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dc.contributor.authorWestgate, Gillian E.*
dc.contributor.authorBotchkareva, Natalia V.*
dc.contributor.authorTobin, Desmond J.*
dc.date.accessioned2015-03-13T16:10:44Z
dc.date.available2015-03-13T16:10:44Z
dc.date.issued2013
dc.identifier.citationWestgate, G. E., Botchkareva, N. V. and Tobin, D. J. (2013) The biology of hair diversity. International Journal of Cosmetic Science, 35 (4) 329-36.en_US
dc.identifier.urihttp://hdl.handle.net/10454/7142
dc.descriptionnoen_US
dc.description.abstractHair diversity, its style, colour, shape and growth pattern is one of our most defining characteristics. The natural versus temporary style is influenced by what happens to our hair during our lifetime, such as genetic hair loss, sudden hair shedding, greying and pathological hair loss in the various forms of alopecia because of genetics, illness or medication. Despite the size and global value of the hair care market, our knowledge of what controls the innate and within-lifetime characteristics of hair diversity remains poorly understood. In the last decade, drivers of knowledge have moved into the arena of genetics where hair traits are obvious and measurable and genetic polymorphisms are being found that raise valuable questions about the biology of hair growth. The recent discovery that the gene for trichohyalin contributes to hair shape comes as no surprise to the hair biologists who have believed for 100 years that hair shape is linked to the structure and function of the inner root sheath. Further conundrums awaiting elucidation include the polymorphisms in the androgen receptor (AR) described in male pattern alopecia whose location on the X chromosome places this genetic contributor into the female line. The genetics of female hair loss is less clear with polymorphisms in the AR not associated with female pattern hair loss. Lifestyle choices are also implicated in hair diversity. Greying, which also has a strong genetic component, is often suggested to have a lifestyle (stress) influence and hair follicle melanocytes show declining antioxidant protection with age and lowered resistance to stress. It is likely that hair research will undergo a renaissance on the back of the rising information from genetic studies as well as the latest contributions from the field of epigenetics.en_US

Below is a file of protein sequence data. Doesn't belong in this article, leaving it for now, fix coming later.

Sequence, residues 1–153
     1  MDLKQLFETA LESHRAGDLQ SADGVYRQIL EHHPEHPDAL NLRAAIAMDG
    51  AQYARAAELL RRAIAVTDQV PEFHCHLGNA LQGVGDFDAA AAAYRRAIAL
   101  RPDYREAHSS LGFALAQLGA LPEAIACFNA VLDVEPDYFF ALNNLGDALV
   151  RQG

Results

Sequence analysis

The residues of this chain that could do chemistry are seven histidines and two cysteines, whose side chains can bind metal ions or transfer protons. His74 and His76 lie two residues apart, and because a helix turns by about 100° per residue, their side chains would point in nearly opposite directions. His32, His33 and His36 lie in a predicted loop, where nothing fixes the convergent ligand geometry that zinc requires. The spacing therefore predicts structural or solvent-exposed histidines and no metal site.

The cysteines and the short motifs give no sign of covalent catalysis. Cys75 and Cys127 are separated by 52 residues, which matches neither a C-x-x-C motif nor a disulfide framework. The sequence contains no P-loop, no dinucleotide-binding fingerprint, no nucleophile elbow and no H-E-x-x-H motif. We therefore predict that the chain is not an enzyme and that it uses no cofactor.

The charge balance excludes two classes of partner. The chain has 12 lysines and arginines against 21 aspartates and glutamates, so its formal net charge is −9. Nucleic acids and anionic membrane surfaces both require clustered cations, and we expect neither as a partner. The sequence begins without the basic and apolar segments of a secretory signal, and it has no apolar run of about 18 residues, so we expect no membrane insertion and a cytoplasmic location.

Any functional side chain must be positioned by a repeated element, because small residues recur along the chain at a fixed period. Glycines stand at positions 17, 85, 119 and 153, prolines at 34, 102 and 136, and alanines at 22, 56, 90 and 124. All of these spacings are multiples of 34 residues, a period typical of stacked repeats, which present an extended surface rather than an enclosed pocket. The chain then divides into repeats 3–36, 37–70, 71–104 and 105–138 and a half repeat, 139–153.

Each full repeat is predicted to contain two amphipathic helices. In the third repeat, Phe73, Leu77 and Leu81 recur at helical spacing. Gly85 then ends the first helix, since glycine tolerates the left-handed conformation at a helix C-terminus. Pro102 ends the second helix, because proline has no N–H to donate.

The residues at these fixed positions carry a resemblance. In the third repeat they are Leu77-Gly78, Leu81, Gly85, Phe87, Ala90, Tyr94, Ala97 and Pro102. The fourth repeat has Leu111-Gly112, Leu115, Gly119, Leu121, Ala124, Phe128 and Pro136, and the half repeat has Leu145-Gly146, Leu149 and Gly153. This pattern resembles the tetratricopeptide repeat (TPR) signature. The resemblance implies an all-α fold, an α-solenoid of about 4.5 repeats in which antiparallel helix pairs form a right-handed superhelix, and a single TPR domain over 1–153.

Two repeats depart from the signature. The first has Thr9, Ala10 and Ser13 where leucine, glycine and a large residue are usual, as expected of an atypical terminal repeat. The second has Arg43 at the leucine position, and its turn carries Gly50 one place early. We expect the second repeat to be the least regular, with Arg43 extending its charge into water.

dc.language.isoenen_US
dc.relation.isreferencedbyhttp://dx.doi.org/10.1111/ics.12041en_US
dc.subjectAlopecia; Curly hair; Genetic polymorphisms in hair; Hair follicle; Hair pigmentation and greyingen_US
dc.titleThe biology of hair diversity.en_US
dc.status.refereedyesen_US
dc.typeArticleen_US
dc.type.versionNo full-text available in the repositoryen_US


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